New Right party promises second run if new elections called

The New Right is ready to go again if elections are held.

By David Isaac, World Israel News 

New Right party officials say they’re ready for a second go if the country goes to unprecedented back-to-back elections. The party narrowly failed to meet the minimum required threshold by about 1,400 votes in the last elections held in April.

When a party doesn’t pass the electoral threshold all of its votes are discounted. In the New Right’s case it cost Israel’s right-wing bloc over 138,000 votes, which went up in smoke when the party failed to make it into the Knesset.

But now it appears the party may get a second chance. Prime Minister Benjamin Netanyahu has encountered unexpected difficulties in forming a government coalition. In mid-May, he requested a two-week extension. It expires on Wednesday night.

The ostensible problem surrounds the conscription law for young haredi, or ultra-Orthodox, men, many of whom claim exemptions from the draft as seminary students. This has created a rift in Israeli society between secular and religious as the former feel that the haredim aren’t bearing their fair share of the national burden. Military conscription is mandatory in Israel.

Netanyahu’s best efforts have not been able to bring together coalition partners who stand at opposite ends of the debate over the conscription law.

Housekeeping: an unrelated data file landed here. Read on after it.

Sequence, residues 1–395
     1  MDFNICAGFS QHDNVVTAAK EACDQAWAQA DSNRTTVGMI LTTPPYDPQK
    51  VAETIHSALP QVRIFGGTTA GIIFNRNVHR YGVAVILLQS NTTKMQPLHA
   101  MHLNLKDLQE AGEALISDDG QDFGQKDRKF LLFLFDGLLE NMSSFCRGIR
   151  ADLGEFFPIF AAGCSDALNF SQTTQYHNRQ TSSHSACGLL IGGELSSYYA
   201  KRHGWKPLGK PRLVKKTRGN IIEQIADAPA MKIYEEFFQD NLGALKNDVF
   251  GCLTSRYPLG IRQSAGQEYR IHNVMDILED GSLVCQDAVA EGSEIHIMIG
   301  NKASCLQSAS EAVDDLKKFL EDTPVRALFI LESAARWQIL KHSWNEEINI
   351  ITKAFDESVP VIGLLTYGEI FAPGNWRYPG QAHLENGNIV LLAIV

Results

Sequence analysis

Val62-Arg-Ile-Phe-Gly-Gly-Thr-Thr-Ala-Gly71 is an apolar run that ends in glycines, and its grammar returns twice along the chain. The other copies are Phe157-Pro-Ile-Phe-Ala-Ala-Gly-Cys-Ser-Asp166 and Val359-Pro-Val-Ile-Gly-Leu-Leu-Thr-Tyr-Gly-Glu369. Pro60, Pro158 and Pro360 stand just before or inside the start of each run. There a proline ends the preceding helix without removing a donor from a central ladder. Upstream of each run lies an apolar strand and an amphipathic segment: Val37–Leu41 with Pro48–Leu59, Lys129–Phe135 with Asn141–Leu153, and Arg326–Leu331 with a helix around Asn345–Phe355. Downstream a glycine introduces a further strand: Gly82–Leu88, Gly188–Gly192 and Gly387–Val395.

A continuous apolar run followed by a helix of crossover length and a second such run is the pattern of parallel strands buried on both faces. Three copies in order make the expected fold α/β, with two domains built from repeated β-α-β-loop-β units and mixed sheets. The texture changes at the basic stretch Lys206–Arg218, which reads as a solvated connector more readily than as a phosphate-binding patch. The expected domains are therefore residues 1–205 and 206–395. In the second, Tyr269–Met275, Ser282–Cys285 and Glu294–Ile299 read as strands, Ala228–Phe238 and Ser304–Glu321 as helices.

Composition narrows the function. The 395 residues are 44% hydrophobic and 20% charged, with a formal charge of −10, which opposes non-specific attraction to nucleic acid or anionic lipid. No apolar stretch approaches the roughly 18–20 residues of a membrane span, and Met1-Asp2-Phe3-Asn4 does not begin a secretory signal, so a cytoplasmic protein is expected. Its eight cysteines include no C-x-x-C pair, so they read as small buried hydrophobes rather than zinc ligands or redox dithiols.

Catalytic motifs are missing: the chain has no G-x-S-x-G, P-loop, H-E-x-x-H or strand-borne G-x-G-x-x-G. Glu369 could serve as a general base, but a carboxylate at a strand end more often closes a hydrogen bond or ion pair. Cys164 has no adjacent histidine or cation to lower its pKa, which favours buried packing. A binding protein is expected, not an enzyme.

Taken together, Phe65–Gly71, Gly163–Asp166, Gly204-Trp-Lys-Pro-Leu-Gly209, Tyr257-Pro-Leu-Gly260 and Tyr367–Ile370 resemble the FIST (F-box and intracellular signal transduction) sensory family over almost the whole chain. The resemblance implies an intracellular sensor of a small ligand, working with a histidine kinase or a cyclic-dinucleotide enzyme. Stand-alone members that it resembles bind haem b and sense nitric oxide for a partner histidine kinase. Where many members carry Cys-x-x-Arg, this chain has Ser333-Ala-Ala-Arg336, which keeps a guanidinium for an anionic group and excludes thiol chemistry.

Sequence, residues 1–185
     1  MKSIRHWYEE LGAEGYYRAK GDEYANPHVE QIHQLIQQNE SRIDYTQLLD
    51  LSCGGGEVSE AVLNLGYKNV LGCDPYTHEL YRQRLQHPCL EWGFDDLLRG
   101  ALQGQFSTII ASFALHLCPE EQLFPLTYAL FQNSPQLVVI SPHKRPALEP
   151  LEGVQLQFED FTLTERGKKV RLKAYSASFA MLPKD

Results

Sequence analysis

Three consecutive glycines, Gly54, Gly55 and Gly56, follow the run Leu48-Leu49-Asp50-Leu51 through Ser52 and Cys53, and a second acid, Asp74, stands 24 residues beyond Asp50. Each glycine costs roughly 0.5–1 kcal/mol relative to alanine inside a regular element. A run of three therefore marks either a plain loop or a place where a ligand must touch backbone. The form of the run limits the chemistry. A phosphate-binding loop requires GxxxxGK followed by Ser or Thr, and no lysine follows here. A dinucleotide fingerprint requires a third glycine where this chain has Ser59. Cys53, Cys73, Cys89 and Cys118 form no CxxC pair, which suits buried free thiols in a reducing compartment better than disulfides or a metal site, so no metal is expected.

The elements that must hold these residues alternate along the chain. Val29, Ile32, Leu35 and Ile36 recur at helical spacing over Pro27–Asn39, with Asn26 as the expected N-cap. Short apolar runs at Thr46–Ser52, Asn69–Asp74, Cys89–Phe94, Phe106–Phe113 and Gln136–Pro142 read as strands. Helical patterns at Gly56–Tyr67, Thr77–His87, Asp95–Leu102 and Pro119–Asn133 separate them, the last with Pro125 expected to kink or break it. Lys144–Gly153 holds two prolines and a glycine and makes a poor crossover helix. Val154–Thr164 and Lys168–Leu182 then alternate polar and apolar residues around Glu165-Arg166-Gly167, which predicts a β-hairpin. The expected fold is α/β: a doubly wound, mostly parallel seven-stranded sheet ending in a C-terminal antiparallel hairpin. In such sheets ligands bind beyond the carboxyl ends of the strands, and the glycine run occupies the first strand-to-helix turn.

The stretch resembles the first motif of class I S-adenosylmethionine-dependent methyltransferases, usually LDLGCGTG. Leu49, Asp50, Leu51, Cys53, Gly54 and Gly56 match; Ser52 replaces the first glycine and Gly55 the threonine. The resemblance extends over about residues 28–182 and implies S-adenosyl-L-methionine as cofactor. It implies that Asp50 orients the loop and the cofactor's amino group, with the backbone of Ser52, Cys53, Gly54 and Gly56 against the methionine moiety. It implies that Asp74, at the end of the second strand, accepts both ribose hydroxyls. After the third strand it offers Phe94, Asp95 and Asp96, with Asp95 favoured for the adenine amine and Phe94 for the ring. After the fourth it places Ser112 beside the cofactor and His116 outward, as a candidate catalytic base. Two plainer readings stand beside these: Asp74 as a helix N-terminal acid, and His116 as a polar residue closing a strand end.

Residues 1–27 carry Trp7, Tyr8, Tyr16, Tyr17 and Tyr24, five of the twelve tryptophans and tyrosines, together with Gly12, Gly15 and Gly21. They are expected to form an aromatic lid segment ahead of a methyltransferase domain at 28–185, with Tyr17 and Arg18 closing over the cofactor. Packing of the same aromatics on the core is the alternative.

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On Monday, the Likud brought a motion to dissolve the Knesset, a first-step toward heading to new elections.

The New Right was founded by Education Minister Naftali Bennett and Justice Minister Ayelet Shaked. It’s not clear if Shaked will run again.

According to party officials, “The party will run in the elections and make connections, with Shaked or without her.”

This may be a disadvantage for the New Right as Shaked is popular, a fact known to the party and indicated by the fact that her name came first on campaign posters despite Bennett being the party’s leading figure.

Prior to the sudden possibility of new elections, it appeared that Bennett would move on from politics or at least take a long hiatus.

At the International Bible Competition on May 9, his final speech as education minister at an official event, he said “You try as long as you can, don’t give up as long as there’s any chance. Once you’re hit – get up, learn from your mistakes and move on. I did the best I could. There’s so much work yet to be done, and people at least as good as me to do it. Wherever I’ll be, I’ll never stop giving everything I can for the Israeli people.”

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